Black dots in Ziatype

Discussion in 'Alternative Processes' started by Christopher Colley, Jul 9, 2005.

  1. Christopher Colley

    Christopher Colley Member

    Messages:
    284
    Joined:
    Jan 24, 2005
    Shooter:
    Multi Format
    I have been working with Ziatypes lately and having a great time doing it...though it seems that 1/3 of my prints end up with a random series of black specs on them. It is not the negative, the spots change place each time.. Ive tried using two types of paper, Cranes Platinotype and Fabriano Uno both with a bone dry and quite damp paper/coating and still had the little black dots.

    I am wondering if this might be due to air bubbles in the coating? I am using a generic brand x bristle brush of unknown origin and type.

    I am using 6 drops each of Ammonium Ferric Oxalate and Lithium Palladium Chloride. Each image is exposed under uv lamps.

    anyone have any idea? Ive attached one that doesn't have dots, (ok haven't perfected it yet!) and one that does..

    (as an aside I haven't tried it yet, but a drop? of the ammonium dichromate should boost the contrast?)
     

    Attached Files:

    Last edited by a moderator: Jul 9, 2005
  2. Jorge

    Jorge Inactive

    Messages:
    4,532
    Joined:
    Sep 6, 2002
    Shooter:
    Large Format
    Those look like undisolve metal salts. Have you tried heating your solutions for a few minutes? Platinotype does not suffer from the black spots Arches does, or at least I have not heard of anybody complaning about it, plus when they do, it is usually a few dots here and there, you seem to have a lof ot them.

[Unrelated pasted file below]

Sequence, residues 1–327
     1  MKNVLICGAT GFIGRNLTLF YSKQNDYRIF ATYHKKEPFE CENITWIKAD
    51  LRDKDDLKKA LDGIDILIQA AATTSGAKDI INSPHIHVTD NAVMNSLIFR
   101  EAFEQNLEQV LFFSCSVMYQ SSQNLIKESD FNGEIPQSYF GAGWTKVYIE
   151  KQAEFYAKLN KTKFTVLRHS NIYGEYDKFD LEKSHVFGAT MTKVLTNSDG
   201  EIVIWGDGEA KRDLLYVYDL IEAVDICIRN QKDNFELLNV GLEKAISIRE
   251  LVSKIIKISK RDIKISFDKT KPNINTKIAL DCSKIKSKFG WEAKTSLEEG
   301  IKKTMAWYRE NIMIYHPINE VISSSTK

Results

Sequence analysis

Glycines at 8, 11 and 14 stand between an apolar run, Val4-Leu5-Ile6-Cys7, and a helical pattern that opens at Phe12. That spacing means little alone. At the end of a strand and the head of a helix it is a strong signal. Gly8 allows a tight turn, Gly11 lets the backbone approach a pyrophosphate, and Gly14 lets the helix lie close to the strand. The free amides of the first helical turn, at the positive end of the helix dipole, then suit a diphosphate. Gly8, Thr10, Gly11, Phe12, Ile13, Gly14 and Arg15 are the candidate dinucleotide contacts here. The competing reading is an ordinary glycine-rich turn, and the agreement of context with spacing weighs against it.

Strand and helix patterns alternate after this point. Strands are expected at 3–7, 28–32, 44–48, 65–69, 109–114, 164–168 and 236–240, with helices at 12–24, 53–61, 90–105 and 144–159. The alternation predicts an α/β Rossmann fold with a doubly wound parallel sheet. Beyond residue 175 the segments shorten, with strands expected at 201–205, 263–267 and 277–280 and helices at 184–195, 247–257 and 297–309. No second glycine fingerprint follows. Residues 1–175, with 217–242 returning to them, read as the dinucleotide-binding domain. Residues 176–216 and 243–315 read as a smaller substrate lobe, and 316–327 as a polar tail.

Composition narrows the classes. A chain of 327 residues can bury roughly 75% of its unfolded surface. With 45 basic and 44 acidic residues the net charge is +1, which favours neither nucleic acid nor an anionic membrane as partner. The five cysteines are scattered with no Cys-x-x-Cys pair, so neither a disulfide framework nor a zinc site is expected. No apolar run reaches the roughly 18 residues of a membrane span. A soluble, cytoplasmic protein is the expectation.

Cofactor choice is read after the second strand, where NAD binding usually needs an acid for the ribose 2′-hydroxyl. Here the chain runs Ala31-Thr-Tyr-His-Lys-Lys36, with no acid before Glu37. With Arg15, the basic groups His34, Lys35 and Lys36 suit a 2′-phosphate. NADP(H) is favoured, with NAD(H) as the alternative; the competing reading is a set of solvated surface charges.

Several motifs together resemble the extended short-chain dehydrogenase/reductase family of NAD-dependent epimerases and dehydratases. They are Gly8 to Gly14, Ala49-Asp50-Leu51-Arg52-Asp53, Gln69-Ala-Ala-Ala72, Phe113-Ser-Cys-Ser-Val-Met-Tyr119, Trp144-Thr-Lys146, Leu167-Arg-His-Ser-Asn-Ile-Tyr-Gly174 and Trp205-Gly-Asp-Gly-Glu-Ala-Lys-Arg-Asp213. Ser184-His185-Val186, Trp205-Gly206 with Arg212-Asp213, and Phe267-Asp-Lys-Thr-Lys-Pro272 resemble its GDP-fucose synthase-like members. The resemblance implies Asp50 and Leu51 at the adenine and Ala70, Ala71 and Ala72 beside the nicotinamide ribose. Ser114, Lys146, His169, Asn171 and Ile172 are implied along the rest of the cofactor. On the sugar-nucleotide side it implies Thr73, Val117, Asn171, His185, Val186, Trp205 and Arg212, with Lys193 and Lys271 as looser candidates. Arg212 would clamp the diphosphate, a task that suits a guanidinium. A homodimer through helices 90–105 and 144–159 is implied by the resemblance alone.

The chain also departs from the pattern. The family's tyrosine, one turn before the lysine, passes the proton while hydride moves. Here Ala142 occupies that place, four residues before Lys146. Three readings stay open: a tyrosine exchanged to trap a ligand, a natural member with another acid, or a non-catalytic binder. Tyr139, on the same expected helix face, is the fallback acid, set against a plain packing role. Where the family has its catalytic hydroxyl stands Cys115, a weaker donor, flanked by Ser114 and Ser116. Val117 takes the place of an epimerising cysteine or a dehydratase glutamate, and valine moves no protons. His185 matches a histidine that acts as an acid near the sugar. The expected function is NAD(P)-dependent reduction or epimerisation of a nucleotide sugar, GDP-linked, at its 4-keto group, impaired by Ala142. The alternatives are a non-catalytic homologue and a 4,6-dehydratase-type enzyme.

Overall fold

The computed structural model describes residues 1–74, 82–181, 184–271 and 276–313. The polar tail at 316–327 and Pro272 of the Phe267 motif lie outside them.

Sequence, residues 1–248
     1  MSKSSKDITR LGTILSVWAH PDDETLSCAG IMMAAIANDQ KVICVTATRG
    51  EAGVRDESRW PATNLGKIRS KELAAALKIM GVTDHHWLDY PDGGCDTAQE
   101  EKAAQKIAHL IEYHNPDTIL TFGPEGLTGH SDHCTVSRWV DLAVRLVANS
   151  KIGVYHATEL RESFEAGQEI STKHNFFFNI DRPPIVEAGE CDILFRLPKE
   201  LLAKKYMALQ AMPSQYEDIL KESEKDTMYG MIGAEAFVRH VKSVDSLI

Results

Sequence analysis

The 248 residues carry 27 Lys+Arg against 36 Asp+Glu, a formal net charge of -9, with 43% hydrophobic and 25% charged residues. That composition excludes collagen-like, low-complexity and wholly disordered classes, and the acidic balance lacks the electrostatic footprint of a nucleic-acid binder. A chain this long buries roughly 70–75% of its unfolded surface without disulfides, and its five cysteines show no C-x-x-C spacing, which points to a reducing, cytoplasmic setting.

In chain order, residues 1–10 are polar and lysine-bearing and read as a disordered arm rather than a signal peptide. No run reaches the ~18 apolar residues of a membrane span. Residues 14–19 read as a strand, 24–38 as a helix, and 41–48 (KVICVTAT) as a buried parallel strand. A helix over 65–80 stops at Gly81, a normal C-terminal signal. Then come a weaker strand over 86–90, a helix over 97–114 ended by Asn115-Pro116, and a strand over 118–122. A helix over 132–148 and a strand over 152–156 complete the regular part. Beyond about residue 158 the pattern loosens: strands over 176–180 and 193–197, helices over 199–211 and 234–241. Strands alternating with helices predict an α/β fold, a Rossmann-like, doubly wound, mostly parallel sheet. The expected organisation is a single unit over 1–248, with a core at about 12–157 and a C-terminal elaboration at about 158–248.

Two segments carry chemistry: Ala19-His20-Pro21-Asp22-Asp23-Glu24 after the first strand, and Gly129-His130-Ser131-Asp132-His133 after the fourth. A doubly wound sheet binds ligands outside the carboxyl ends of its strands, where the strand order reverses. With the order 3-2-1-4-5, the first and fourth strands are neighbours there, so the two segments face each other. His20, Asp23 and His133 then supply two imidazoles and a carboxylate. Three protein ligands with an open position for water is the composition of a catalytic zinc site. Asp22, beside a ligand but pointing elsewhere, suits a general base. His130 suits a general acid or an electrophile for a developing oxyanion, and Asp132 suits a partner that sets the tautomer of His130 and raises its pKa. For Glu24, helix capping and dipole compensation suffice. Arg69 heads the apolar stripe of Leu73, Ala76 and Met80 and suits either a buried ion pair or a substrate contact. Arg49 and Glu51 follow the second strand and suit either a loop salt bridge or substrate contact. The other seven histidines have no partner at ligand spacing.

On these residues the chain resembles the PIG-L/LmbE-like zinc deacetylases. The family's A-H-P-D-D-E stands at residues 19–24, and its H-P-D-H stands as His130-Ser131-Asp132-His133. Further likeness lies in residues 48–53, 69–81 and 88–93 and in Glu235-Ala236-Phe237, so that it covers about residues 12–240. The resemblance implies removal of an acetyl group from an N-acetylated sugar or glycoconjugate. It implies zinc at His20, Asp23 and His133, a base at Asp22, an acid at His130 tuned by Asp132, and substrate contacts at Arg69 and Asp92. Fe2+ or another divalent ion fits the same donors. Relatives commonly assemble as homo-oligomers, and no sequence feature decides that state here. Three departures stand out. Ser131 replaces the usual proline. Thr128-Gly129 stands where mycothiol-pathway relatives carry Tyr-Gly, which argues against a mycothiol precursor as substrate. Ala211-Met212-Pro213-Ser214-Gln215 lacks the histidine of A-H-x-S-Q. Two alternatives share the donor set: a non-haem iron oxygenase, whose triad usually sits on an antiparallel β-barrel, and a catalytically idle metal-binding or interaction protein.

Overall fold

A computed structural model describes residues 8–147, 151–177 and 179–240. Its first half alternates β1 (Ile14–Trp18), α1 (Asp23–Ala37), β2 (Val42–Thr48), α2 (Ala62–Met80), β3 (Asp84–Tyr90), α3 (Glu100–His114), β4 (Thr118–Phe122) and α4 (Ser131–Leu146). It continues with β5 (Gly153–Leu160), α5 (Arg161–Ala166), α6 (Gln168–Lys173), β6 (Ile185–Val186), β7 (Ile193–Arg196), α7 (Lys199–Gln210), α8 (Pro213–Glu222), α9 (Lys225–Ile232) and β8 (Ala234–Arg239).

Another source of black spots are metal shavings from the paper cutter, but once again you usually dont get as many as the ones you have in your tree photograph.

    Try heating the palladium formula before you count your drops and try to load the dropper from the middle not the bottom of the bottle.

    Good luck.
     
  3. Christopher Colley

    Christopher Colley Member

    Messages:
    284
    Joined:
    Jan 24, 2005
    Shooter:
    Multi Format
    thanks for the quick reply

    No, I have not been heating the solutions at all.. and I have been using liquid from the bottom of the container.. what temperature are we talking here? Room temp is around 76-78..

    I am ripping the paper, no cutter is being used
     
  4. Jorge

    Jorge Inactive

    Messages:
    4,532
    Joined:
    Sep 6, 2002
    Shooter:
    Large Format
    You dont need to heat it much, 100-120 degrees will be fine.
     
  5. Dave Wooten

    Dave Wooten Subscriber

    Messages:
    2,720
    Joined:
    Nov 1, 2004
    Location:
    Vegas/myster
    Shooter:
    ULarge Format
    water filter?
     
  6. colrehogan

    colrehogan Member

    Messages:
    2,016
    Joined:
    May 11, 2004
    Location:
    St. Louis, M
    Shooter:
    Large Format Pan
    I just heat up a cup of water (a measuring cup) and place the bottle in the warm water. I do this with the Cesium Palladium solutions as that is the one that falls out of solution easiest. This would work with the other solutions too. Don't totally immerse the bottle, it isn't necessary. Just make sure that your metal solution is submerged.
     
  7. Christopher Colley

    Christopher Colley Member

    Messages:
    284
    Joined:
    Jan 24, 2005
    Shooter:
    Multi Format
    thanks for the suggestions everyone, seems that this is the likely culprit! I do remember seeing something at the bottom of the sodium tungstate bottle, I sucked up liquid from the top of the bottle to avoid it, don't know why I didnt continue that with the other chemicals that were too dark to see thru though...

    I will be heating some things up or just using my dropper differently my next session and will likely get back to you folks.
     
  8. waynecrider

    waynecrider Member

    Messages:
    2,297
    Joined:
    Feb 8, 2003
    Location:
    Floriduh
    Shooter:
    35mm